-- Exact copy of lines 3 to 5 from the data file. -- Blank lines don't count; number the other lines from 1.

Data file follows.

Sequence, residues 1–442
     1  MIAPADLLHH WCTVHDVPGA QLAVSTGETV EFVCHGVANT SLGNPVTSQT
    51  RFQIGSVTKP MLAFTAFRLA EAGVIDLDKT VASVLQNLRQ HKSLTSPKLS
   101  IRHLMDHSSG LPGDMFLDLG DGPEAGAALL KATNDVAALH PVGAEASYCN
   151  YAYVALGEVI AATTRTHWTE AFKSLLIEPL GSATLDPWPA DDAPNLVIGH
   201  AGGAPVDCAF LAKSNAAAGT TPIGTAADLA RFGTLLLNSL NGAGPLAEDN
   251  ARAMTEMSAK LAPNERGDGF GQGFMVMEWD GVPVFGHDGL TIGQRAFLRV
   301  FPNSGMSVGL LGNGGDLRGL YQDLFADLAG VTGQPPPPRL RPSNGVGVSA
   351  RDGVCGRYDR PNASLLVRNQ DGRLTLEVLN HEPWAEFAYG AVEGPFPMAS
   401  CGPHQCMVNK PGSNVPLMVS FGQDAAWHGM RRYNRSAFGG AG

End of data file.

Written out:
    51  RFQIGSVTKP MLAFTAFRLA EAGVIDLDKT VASVLQNLRQ HKSLTSPKLS
   101  IRHLMDHSSG LPGDMFLDLG DGPEAGAALL KATNDVAALH PVGAEASYCN
   151  YAYVALGEVI AATTRTHWTE AFKSLLIEPL GSATLDPWPA DDAPNLVIGH